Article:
Barry Costanzi marked his many years as a master mariner of commercial ships with dignity and devotion to “the law of maritime.”
Under Captain Barry’s nimble navigation, the massive container ship answered the call, nuzzled up to a 33-foot sailboat bobbing about in the vast Pacific Ocean and spared an ailing octogenarian from almost certain death hundreds of miles from the nearest port.
Barry Costanzi’s redirection of his Horizon Reliance from its appointed cross-ocean route late in the spring of 2012 still chokes up John Bourdon, whose father, Robert, had suffered a stroke on the “bucket list” voyage from Olympia, Wash., to Hawaii.
“Captain Barry was old school,” John Bourdon said this week of the St. Paul native, who since the late 1980s captained commercial vessels from the Lower 48 to Hawaii, Alaska, the Far East, the Caribbean and Europe. “He lived by the law of maritime and seamen. He would be the type that if the ship went down, he’d be the last one off.”
On Aug. 18, while on his regular route from Los Angeles to Hawaii, Costanzi, 66, was found dead in his quarters on the Reliance. An official ruling on his death has yet to be made for the man who routinely ran laps on his 895-foot-long vessel to stay shipshape, but the family said the cause was medical in nature.
Costanzi was 66.
John Bourdon said the idyllic three-generation odyssey from the Pacific Northwest to Hawaii began to unravel in mid-June of 2012, when he realized his father “was unable to speak and or move his right side.” There was still another 1,100 miles left in their journey.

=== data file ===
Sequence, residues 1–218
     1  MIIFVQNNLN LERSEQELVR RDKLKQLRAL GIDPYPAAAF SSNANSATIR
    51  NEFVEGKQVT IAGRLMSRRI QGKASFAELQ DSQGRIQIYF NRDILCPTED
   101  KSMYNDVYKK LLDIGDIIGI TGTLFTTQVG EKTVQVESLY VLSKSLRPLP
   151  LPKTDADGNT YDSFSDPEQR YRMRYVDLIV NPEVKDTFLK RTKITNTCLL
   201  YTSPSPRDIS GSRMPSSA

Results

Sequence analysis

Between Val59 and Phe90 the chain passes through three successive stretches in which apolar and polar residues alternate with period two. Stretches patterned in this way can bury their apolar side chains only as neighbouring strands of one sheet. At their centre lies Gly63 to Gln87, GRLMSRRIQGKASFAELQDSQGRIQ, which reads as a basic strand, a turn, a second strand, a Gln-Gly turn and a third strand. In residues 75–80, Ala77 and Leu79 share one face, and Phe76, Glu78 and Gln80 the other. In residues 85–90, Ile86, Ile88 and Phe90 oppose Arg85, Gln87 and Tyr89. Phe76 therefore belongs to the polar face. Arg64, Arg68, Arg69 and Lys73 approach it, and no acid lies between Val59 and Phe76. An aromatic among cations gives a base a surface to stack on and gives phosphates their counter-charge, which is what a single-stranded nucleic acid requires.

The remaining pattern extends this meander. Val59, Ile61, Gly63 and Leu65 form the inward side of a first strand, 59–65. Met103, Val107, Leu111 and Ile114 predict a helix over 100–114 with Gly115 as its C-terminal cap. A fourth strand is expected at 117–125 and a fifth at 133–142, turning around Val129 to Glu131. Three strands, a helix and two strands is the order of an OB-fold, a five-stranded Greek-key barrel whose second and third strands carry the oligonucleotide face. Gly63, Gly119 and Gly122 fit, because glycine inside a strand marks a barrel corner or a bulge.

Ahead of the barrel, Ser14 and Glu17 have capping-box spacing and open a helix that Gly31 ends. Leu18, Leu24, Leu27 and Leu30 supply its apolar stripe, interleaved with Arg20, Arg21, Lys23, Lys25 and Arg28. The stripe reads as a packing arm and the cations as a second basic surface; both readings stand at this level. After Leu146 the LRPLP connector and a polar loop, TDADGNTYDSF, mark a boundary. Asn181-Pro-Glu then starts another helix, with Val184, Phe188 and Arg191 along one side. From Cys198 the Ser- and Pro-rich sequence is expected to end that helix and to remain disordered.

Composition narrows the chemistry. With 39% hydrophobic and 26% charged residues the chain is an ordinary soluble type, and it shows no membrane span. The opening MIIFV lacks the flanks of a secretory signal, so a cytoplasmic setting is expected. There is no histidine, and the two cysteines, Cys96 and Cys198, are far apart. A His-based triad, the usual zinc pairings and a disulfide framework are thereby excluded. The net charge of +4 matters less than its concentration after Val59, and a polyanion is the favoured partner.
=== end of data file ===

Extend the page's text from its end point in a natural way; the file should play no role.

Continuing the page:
“I called my doctor first [for a diagnosis],” John Bourdon said. Then he contacted the Coast Guard. The first option was boarding a ship heading to Guatemala, but the Bourdons had concerns about the level of care upon arrival.
They sweated out another day, and that’s when Costanzi got word and immediately put the Reliance on a new course, arriving from behind within four to five hours.
With the waves jostling both vessels, it took three attempts before the Reliance could safely align itself with the sailboat. After twice failing to lower a lifeboat onto the smaller craft, a gangplank provided an escape path for the elder Bourdon.
Robert Bourdon was piggybacked up the steps to the ship, comforted while aboard and brought to land many days sooner than if he had remained on the sailboat with his son and grandson.
“My concern was dehydration,” John Bourdon said. “He wasn’t taking anything in.
“Captain Barry saved his life. He would not be where he is today without him.”
Being a master mariner, as those in charge of such commercial vessels are titled, Costanzi possessed the skills of a CEO.
Not only did he oversee the Reliance’s safe navigation, but he also was in charge of human resources, accounting and adherence to many regulations covering his 26-member crew and ship.
“He was clearly the leader of the vessel,” said Pete Strohla, vice president and general manager of ocean transportation services for North Carolina-based Horizon. “He had the proper mind-set, was a team player and brought everyone together. He always had a smile on his face, not that he didn’t take his job seriously.”
Costanzi was forced to dock his oceangoing career for a time and became an executive recruiter in the late 1970s after a divorce and then a custody dispute over daughter Amanda. He knew his chances in court would improve if he wasn’t away at sea for weeks at a time.
In what was considered to be “kind of unique at the time,” Costanzi won custody of his daughter, his attorney on the case, Bill Ecklund, said this week. “Courts would always award custody [back then] to the mother.”